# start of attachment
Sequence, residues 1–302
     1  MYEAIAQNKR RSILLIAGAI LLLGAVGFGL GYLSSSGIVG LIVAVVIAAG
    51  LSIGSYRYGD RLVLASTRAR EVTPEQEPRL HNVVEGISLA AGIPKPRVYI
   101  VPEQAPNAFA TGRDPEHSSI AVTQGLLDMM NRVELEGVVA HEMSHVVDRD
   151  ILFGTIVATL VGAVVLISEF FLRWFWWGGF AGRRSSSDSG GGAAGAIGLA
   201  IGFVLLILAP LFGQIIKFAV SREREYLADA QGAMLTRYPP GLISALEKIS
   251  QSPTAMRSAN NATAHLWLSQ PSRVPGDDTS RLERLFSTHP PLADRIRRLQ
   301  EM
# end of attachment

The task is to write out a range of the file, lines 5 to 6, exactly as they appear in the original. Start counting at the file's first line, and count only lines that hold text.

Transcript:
   151  ILFGTIVATL VGAVVLISEF FLRWFWWGGF AGRRSSSDSG GGAAGAIGLA
   201  IGFVLLILAP LFGQIIKFAV SREREYLADA QGAMLTRYPP GLISALEKIS